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For a prefix code $C:\{0,1\}^*\to\{0,1\}^*$, define $f(n)$ as the length of the longest encoding of a number with up to $n$ bits: $$ f(n)=\max_{|k|\le n}\left|C(k)\right|. $$

(Note that by taking input as $\{0,1\}^*$ rather than $\mathbb{Z}^+$ I'm distinguishing between the 1-bit number 1 and the 2-bit number 01.)

The counting bound gives $f(n) \ge \left\lceil\log\left(2^n+2^{n-1}+\cdots+2^0\right)\right\rceil = \left\lceil\log\left(2^{n+1}-1\right)\right\rceil = n+1$ for $n>0$ where, throughout this post, $\log$ denotes the binary logarithm.

It's easy to construct $C$ such that $f(n)=O(n)$, $f(n)=n+O(\log n)$, $f(n)=n+\log n+O(\log\log n),$ etc. by recursion (starting from, say, Elias gamma coding). Is there a prefix-free code with $f(n)\le n+(1-\varepsilon)\log n$ for some $\varepsilon>0$ and large $n$?

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    $\begingroup$ No. Not even for $\epsilon = 0$. Hint: use Kraft's inequality. $\endgroup$ – Peter Shor Apr 22 '16 at 3:52
  • $\begingroup$ @PeterShor: Thank you! I suspected this was the case, but the proof is not evident to me. $\endgroup$ – Charles Apr 22 '16 at 4:33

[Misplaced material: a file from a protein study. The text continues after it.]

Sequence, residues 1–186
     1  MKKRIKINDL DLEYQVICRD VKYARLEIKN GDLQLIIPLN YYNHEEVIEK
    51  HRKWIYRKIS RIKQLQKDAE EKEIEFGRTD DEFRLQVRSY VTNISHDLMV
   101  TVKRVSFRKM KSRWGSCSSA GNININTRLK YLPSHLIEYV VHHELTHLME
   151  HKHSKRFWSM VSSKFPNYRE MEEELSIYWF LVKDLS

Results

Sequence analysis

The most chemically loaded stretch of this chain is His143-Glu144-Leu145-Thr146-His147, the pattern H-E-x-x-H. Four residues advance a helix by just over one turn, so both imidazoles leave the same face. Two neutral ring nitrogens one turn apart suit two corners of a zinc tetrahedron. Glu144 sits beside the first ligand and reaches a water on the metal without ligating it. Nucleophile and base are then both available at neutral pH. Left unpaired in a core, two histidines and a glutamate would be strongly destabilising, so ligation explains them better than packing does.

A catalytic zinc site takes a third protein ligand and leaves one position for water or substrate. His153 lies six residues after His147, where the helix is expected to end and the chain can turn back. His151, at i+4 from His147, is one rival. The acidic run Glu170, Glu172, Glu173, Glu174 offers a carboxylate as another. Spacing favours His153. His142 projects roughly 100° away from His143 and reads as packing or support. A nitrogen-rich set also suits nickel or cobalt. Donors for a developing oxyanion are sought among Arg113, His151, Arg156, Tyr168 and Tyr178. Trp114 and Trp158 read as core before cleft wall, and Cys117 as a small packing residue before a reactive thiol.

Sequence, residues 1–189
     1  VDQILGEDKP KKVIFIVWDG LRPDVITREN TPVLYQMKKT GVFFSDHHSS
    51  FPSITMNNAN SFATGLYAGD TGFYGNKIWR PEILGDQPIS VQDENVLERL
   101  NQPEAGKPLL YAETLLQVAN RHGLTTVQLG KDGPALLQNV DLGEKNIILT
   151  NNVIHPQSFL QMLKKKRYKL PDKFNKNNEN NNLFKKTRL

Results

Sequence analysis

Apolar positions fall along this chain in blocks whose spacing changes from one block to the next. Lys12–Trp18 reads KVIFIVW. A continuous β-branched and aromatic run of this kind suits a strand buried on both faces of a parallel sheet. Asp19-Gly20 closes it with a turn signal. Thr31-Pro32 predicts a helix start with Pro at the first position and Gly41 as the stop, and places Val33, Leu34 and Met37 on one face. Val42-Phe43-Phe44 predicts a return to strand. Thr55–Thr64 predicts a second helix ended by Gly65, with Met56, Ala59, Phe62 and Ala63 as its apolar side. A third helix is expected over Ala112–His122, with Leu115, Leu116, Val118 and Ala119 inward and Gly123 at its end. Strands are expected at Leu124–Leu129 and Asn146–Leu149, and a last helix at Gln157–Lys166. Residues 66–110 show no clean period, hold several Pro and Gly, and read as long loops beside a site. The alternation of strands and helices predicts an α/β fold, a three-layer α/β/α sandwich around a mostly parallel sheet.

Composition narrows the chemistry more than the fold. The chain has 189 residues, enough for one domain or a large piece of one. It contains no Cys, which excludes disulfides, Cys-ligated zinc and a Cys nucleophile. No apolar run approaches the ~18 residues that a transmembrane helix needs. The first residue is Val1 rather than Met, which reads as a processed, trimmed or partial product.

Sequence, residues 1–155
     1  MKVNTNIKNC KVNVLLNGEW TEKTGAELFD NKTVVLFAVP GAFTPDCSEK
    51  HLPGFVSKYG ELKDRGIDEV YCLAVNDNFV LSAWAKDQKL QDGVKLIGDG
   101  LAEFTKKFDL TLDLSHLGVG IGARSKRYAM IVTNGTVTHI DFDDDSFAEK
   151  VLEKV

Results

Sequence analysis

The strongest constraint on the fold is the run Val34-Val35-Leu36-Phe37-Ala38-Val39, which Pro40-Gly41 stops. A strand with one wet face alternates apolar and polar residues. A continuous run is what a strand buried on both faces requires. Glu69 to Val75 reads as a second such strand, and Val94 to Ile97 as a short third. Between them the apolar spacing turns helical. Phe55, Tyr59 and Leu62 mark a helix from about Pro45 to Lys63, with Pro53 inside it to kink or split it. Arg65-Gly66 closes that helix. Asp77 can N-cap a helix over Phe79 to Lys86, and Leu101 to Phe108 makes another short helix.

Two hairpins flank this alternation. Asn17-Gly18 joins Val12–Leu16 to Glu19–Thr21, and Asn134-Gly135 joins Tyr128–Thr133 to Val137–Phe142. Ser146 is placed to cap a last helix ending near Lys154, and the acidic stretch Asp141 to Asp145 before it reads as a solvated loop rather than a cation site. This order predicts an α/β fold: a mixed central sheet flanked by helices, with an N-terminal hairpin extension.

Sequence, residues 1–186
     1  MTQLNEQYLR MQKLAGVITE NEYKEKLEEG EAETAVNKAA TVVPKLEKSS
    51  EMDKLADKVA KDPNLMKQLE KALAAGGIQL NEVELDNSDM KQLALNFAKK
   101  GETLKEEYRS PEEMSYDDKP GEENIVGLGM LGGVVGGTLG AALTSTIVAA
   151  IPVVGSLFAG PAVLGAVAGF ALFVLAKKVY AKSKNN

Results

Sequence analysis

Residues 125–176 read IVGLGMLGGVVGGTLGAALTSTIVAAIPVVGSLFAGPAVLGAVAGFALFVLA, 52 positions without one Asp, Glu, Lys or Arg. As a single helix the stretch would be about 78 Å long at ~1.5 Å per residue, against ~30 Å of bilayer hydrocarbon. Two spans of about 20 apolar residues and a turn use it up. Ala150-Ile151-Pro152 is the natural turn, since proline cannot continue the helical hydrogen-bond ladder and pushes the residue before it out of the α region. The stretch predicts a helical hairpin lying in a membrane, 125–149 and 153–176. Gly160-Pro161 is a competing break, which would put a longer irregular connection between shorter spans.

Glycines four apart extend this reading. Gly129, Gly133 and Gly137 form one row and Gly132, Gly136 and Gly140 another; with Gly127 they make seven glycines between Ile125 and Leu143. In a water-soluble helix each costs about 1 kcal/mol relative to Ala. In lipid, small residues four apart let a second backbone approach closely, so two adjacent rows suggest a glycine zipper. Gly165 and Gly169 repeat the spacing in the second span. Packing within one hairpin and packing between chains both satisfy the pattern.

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    $\begingroup$ You can take a look at my paper on the area: arxiv.org/pdf/1308.1600.pdf. $\endgroup$ – Yuval Filmus Apr 22 '16 at 15:10
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I'll try to show this, hope I interpreted the question correctly.

Let $A_k=\{0,1\}^k.$ If $f(n)\leq n+\log n$ for $n$ large enough this implies $$\max\{\ell(c(x)):x \in A_1 \cup A_2\cup \ldots \cup A_k \}\leq k+ \log k,$$ for $k\geq N$, for some finite $N$, where $\ell(c(x))$ is the length of the codeword $c(x)$ assigned to $x.$ So this means that $$ \sum_{N\leq k ~~} \sum_{x \in A_1\cup A_2 \cup \ldots \cup A_k} 2^{-\ell(c(x))}\geq \sum_{N \leq k~~} \sum_{x \in A_1\cup A_2 \cup \ldots \cup A_k} 2^{-(k+\log k)} $$ which is equal to $$ \sum_{N\leq k} |A_1 \cup A_2 \cup \ldots \cup A_k|~ 2^{-(k+\log k)}= \sum_{N\leq k} (2^{k+1}-1)~ 2^{-(k+\log k)} $$ which is equal to $$ \sum_{N\leq k} 2^{1-\log k} - 2^{-(k+\log k)}=2 \sum_{N\leq k} \frac{1}{k} - \sum_{N\leq k}\frac{2^{-k}}{k}=2 \left(\sum_{N\leq k} \frac{1}{k}\right) -\ln 2 $$ which is unbounded, since the harmonic series diverges.

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  • $\begingroup$ I don't know whether interpreted it correctly ... I would have thought the sum should run for k from n to infinity, and not from 1 to n, because the requirement is that f(n) <= n + log n for large n. But the OP gives the counting bound from 1 to n, so you might be right. Either way, this proof works with small modifications. $\endgroup$ – Peter Shor Apr 22 '16 at 13:54

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